My client, whom I’ll call Jane, had vaginal mesh surgically placed in her body in March 2008, to treat female urinary incontinence. Jane was in her mid forties at the time. Soon after the mesh placement, Jane began experiencing pain in her vaginal area. She continued to see her physicians, but the pain got worse over time. Her physician repeatedly told her that she had to give it time to heal. But one year after her surgery the physician attempted to remove the mesh from her body. But the mesh had eroded into her vaginal area, bladder and pelvic region. Jane has undergone four major surgeries to date to have the fragmented mesh picked out of her body bit by bit. She still needs future surgeries to continue going after the left over mesh inside her body.

As a result of her injuries, Jane is in constant pain. She had to quit her job because she was (and is) no longer able to work. Jane was a nurse, earning around $80,000 per year before the mesh was placed in her body. All of her friends and family say she was a hard worker and enjoyed her work. In addition, Jane’s mobility has been severally compromised. She feels pain if she stands, sits or lies down.

Jane has been frustrated during the past few years because there did not seem to be anyone paying attention to the danger of vaginal mesh. She has also been frustrated because modern medicine has not figured out a way to get all the eroded mesh out of her body. Finally, she’s frustrated because the manufacturer of the mesh has, to date, declined to take responsibility for her injuries.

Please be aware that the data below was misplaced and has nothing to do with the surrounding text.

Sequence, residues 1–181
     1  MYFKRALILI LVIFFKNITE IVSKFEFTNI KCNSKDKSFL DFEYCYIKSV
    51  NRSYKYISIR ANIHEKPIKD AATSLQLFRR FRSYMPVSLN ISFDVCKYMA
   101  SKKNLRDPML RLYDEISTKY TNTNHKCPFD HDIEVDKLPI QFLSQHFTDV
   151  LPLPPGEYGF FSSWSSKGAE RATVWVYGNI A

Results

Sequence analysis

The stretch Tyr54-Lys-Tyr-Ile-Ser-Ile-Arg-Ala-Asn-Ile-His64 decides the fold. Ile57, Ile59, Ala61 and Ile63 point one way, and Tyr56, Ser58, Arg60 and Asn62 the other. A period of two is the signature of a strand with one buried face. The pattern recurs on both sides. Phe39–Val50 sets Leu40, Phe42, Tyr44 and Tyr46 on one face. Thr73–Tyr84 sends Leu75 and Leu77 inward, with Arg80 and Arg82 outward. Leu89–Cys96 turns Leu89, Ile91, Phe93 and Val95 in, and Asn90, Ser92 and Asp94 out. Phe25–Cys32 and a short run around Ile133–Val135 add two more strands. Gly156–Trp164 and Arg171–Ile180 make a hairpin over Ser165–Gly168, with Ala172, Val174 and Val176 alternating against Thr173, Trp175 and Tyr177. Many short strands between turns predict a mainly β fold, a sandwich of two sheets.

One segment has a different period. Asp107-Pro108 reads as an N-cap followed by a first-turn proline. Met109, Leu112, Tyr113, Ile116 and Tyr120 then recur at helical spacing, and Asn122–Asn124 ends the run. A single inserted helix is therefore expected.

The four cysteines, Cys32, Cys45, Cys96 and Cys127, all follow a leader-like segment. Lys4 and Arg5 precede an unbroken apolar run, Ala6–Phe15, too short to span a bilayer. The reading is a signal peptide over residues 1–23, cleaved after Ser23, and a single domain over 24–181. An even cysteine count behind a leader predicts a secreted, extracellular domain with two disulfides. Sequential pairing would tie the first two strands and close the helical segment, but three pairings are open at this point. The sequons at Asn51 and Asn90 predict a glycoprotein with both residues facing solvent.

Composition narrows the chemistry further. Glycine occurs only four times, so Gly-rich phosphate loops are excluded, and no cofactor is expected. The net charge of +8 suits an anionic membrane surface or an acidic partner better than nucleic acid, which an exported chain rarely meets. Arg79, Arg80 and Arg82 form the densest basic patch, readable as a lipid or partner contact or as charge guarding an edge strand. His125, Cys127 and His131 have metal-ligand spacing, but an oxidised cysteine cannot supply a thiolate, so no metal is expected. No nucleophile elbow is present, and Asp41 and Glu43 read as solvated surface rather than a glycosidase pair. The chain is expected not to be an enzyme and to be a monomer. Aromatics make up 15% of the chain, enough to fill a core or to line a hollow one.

Since 2008 the FDA has issued at least two Public Health Notifications—one in October 2008 and the most recent in July 2011. It appears the public spotlight is finally on the serious complications associated with surgical mesh. (The surgical mesh is commonly referred to as pelvic or vaginal mesh and bladder slings, which are manufactured by at least four different companies.)

Currently, Jane’s trial against the manufacturer of the vaginal mesh is set for January 2012. It is my hope a jury of Jane’s peers will hold the manufacturer responsible for her injuries—something the manufacturer is unwilling to take responsibility for at this time.